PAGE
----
Apple and Google Android have certainly taken over the lion’s share of the market. What we expect to see is that Microsoft, with the launch of the surface tablet and Windows 8 later this year, will probably see a bit of growth in their segment. What’s also been happening over the course of the last 12 to 18 months is HTML5 has taken off in terms of being supported on mobile devices and desktop browsers. The capabilities of HTML5 today are such that the experience provided to a user or consumer on a mobile device with an HTML5 site is in many cases on par or as good as the features provided through a native app developed for either iOS or Android.
Certainly, there is a long way to go to support a variety of different features that the phones provide using HTML5, such as camera and microphone access, but those are well-specified within the standards. I think we’re going to see, over the course of the next 12 to 18 months, a lot more support and richer, very interactive apps than games even developed on HTML5, which is great for those of you who are going to be experimenting or developing mobile apps. There is certainly no good reason not to initially start with an HTML5 version of that mobile app and then branch out to other platforms as needed, based on your requirements.
There are a variety of statistics here, but I think one of the important statistics to point out is there is a company called Keynote Services that did a survey of consumer preferences for services related apps – of mobile apps that provided access to consumers who are interacting with or doing business with service providers – and well over 60% of those consumers surveyed said that they preferred to have mobile web apps versus a native app that they’d have to download and install on their device.
If you think logistically with your own experience, you probably don’t want to have to download an app for every single service provider that you interact with. It would be much easier and seamless if you could just go to a web browser, Google for that service provider, and have a nice usable experience with that person’s website on your mobile device.
April: So, Richard, let me ask you a quick question here. I know, having worked in the interactive industry for a while, that it’s always been a significant challenge to try to create a website or some type of Internet application that will play nicely across many different browsers. It seems like this problem is exponentially exacerbated with mobile apps because we’ve got dozens of phones with all different sizes, all different resolutions, and they’re obsolete within 12 months. So we have this growing demand working its way both to the younger crowd and to the older crowd at the same time – all these different types of users, all of these different types of phones. It seems like one of the big challenges of what we’re looking at is getting consistency and getting a workable interface on hundreds, potentially more, different types of platforms.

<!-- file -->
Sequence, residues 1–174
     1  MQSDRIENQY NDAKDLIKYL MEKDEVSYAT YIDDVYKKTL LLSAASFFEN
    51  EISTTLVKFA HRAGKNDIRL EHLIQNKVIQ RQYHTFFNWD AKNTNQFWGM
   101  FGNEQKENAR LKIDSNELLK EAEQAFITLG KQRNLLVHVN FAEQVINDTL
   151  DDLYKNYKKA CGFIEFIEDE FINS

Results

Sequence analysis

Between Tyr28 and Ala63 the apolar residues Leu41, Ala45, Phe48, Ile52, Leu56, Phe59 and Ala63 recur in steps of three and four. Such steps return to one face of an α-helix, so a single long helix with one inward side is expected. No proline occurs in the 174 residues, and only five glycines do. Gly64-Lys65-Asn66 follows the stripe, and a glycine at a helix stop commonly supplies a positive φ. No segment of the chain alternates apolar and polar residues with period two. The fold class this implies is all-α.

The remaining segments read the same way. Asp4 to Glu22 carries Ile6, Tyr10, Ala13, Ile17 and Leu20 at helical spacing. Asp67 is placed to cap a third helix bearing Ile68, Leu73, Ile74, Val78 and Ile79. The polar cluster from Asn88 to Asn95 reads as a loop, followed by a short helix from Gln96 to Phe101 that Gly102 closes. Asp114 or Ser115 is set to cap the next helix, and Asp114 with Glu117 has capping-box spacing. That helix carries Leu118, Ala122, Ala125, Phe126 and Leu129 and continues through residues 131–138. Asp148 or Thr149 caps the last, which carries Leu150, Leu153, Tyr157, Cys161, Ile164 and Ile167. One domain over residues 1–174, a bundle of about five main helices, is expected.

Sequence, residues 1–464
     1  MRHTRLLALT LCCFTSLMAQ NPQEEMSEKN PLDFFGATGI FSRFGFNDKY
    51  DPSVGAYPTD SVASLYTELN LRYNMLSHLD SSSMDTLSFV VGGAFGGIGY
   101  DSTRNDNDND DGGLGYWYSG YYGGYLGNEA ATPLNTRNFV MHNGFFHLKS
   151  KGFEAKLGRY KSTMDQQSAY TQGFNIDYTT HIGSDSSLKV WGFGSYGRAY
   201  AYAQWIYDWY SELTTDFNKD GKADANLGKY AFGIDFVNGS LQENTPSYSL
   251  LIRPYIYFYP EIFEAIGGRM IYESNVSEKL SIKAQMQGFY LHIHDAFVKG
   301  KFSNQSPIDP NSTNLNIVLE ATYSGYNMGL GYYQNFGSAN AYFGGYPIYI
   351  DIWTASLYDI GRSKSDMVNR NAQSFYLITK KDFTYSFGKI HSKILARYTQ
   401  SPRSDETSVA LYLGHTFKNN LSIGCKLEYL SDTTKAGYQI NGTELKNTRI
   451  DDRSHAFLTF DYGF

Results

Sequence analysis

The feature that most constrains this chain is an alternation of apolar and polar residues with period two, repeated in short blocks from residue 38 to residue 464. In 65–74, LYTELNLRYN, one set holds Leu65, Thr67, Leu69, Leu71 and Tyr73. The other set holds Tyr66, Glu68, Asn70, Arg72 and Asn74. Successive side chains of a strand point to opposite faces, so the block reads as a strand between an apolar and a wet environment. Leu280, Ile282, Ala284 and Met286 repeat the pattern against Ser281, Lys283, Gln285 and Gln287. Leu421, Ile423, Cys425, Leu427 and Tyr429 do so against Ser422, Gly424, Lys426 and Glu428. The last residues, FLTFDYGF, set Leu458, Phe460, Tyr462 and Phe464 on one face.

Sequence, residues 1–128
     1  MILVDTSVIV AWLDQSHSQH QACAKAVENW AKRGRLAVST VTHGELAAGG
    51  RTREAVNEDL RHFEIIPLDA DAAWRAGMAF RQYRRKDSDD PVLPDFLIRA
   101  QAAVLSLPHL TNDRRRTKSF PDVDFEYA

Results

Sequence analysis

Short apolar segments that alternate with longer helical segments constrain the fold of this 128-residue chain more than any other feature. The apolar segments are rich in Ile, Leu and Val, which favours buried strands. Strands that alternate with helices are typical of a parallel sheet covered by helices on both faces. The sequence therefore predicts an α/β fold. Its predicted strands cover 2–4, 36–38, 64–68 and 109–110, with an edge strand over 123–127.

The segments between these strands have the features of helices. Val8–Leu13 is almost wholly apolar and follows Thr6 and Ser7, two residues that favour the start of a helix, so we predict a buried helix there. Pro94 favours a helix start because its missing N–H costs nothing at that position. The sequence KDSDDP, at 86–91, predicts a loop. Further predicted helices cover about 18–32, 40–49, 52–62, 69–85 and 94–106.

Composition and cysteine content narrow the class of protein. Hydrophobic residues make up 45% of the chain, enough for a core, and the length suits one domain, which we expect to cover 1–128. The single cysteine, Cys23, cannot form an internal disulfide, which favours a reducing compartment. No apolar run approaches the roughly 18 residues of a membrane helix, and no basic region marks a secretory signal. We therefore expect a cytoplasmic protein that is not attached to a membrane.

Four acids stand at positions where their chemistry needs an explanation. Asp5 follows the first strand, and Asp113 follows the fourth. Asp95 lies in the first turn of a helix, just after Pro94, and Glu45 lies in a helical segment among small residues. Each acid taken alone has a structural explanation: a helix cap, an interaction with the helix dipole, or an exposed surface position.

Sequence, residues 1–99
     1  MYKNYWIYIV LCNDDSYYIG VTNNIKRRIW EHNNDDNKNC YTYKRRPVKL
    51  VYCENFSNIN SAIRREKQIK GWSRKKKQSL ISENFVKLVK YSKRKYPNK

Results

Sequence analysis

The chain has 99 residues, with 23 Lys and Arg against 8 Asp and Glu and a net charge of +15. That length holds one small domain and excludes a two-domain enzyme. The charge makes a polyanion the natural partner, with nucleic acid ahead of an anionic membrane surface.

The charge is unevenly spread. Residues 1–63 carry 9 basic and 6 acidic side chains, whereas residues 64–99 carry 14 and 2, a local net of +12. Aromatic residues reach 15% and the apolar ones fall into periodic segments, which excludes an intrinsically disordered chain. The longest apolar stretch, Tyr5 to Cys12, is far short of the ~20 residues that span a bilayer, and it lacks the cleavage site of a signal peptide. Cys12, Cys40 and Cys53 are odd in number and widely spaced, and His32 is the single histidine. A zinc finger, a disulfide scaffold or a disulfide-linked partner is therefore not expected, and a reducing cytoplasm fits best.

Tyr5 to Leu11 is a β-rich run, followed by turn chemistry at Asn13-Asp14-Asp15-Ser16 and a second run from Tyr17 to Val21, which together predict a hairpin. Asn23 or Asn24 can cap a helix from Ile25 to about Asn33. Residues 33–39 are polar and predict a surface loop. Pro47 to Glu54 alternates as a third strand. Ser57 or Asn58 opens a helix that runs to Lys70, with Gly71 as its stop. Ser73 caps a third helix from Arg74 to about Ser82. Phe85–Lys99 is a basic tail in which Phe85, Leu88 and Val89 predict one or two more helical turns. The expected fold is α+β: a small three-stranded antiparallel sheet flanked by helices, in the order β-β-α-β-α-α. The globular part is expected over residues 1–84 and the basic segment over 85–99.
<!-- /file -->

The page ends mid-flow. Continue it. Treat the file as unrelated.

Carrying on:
Richard: You’re absolutely right, April. For those of you who may be from the development world or have been in the development world for some time, what this mobile development space looks like is like back in the client server days where you had to actually develop an application for every platform you wanted to support. In the early 2000’s and up to now, when Web apps came out and were embraced more broadly, you had a little bit or respite from that. Now with mobile platforms and the rapid pace of change within those platforms, it certainly feels like we’re back in the old days of client server development.
Having said that, there are plenty of tools now on the market that reduce the pain of having to maintain and manage multiple versions of a mobile app across different platforms or even if you’re only rolling out a mobile website using HTML5, ensuring that it scales and is responsive to fit across a wide variety of different form factors, from smartphones to tablets. Later on in this presentation, I’ll cover some of the different development approaches, and we’ll talk about what some of the other early adopter industries, such as those in finance and hospitality, have learned from their experience and how they’re solving some of these challenges today.